Picture the whole first act. Did you throw your hero out into the world on page 1 and then find him pounding on the door to get back in by page 10?  Is he somehow missing or asleep from pages 10 through 30?   Look at metaphors.  Is he dragging around excess baggage?  Has his watch stopped?  Look at the dialogue.  Are minor characters saying, “Where’s Marty?”

Here are two symptoms:

Did you get to page 30 in your random draft and come to a stone cold stop?

Do you have everything you know about your hero in the first 30 pages but nothing seems to be happening until page 30?

Here’s relief:

Your page 30 is actually where your movie starts. Look at it now; see if this allows Act II to suddenly come alive.

Does this realization make you feel free? Kind of like chiropractor popping your spine back in alignment.  Great.

Now what are you going to do with pages 1 to 30? Keep them.  Just add page-3 and page-10 declarations that move us forward in the story.  Notice what backstory scenes you don’t need and get rid of them.  That way you’re free to move the story forward.

Okay, that’s enough of The Big Picture for today.


Let’s rewrite pages 1 through 10.

This is the day you’re going to switch modes. You are going from heart to head.

Where up until now we’ve dashed down pages, now we’re going to fill in holes.

Read your pages 1 to 10 again.

Here’s your page 1.

There’s a metaphor on this page. It will give you a huge clue as to what your story wants to be about.

Here are some examples:

A stallion running wild; cut to main character in prison. This story is about freedom.

A main character trips over his own feet. The story is of him learning to get out of his own way.

A car won’t start. This is the story of how your character gets from stop to go.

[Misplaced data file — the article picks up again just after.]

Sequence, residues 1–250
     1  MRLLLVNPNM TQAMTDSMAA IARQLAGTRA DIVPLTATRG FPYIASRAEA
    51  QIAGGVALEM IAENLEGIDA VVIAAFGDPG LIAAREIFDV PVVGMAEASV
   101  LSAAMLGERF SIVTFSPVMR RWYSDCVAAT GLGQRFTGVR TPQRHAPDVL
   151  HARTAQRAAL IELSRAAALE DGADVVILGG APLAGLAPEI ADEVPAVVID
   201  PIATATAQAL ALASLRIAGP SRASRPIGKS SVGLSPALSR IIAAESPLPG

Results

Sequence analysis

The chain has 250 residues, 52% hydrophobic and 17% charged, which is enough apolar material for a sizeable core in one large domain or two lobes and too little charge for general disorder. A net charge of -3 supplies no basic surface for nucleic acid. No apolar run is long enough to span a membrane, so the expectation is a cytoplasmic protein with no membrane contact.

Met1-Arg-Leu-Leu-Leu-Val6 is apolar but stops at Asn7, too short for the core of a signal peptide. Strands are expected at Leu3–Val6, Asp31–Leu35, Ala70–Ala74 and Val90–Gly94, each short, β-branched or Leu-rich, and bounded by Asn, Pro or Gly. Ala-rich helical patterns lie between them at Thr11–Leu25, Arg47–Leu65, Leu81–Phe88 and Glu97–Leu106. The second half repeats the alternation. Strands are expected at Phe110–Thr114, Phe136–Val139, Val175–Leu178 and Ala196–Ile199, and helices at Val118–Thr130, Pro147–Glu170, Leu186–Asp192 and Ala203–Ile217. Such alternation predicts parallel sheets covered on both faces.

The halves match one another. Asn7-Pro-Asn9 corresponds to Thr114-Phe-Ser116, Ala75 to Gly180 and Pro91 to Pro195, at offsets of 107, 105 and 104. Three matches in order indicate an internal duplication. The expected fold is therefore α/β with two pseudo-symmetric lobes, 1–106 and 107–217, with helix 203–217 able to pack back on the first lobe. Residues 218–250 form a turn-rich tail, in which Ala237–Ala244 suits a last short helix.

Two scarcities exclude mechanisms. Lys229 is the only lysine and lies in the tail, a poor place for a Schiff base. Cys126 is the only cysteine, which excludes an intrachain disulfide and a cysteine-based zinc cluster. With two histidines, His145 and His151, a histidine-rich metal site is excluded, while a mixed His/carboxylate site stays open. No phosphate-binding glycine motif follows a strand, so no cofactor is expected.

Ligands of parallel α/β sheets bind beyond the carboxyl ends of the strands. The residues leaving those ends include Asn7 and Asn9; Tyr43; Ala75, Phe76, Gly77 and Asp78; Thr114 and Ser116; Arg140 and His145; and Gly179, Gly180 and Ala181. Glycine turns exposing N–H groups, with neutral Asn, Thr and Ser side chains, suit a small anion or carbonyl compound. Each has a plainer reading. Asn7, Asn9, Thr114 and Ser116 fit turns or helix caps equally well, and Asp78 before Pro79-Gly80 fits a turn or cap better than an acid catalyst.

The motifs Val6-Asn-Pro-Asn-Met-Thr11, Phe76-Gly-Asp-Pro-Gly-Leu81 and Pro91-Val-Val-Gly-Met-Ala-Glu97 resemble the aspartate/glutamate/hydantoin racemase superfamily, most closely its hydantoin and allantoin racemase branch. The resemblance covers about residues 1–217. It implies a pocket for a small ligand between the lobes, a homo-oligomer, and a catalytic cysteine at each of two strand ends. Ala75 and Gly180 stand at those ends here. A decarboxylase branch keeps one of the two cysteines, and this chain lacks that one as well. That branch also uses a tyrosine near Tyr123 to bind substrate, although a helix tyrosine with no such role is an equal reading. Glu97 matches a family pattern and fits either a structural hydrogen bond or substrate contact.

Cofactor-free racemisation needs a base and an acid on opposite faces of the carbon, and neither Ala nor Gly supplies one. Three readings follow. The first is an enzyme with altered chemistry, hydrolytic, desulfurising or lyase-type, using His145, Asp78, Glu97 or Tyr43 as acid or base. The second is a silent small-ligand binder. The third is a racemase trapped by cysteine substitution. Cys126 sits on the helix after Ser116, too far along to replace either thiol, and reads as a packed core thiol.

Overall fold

Find the metaphor. What did you tell yourself on page 1?  See how brilliant you are when you’re not trying?  Take a moment now to see how the initial metaphor tells thematically your whole story.

Your “rewrite part” needs to respect your “write part” for coming up with the perfect metaphors.

It’s your job to understand what the metaphors mean.

The random draft is similar to a dream. You think some image is weird until suddenly it makes sense.

If you have a weird image sticking out that doesn’t belong, ask yourself why it’s there. Here’s what it isn’t: It isn’t wrong.   Inner Movie Axiom: It only feels wrong if you don’t know why it’s right.


Notice the scene you chose here. Does it give us backstory (e.g., a young girl in wedding dress fleeing the wedding on a motorcycle)?  In other words, do we have a sense that someone already lives and we’re just joining them at this moment?  Have you given us a sense of place, time, tone?  If it’s a comedy, is there a joke yet?  Do we know something about the flavour of the world you are presenting?  Do we see character?


Is your first page very tight with detail, every nuance captured, no gesture left to chance? Did you work and hone and perfect this?  Are you now quite proud of it?  Look at it now.  You have camera angles and more than three details to introduce each person and place.  Is your first page mostly description?  Free yourself from this right away.  See where you can replace tight details with just three choice words.

Give us a general picture. Let’s get the mood and atmosphere.  Yes, do choose the details that are going to give the audience information, but hone down.  Coco Chanel said, “Get dressed – just before you walk out the door, take off one piece of jewelry.”  It’s the one piece too many that you don’t need.  See what detail you can eliminate now.

NOTE: What you’re writing here is a script to be read. Before it’s a shooting script it’s a reading script.  Get the reader interested – paint word pictures.  (It is a known fact that 80 percent of producers only read 20 per cent of the description.)

If you are visually imaginative or action-oriented, you probably have great sweeping movement – out of the plane, through the airport, into the limo, onto the turnpike. Fine.  What’s happening?  There is a difference between movement and action.  If nothing is revealed about the character or the story or the mood or the atmosphere, all that visual “noise” doesn’t amount to anything.  Replace movement with action.


Remember, each page is one minute. Look at your room for one minute.  One minute is a very long time.  Our eye takes in an enormous amount of information very quickly.  Move through visuals fast.  A picture is worth a thousand words.  Show us the pictures.

List everything we know by the bottom of page 1 – it better be a lot. At least ten concrete facts showing point of view, place, character, arena, time, mood.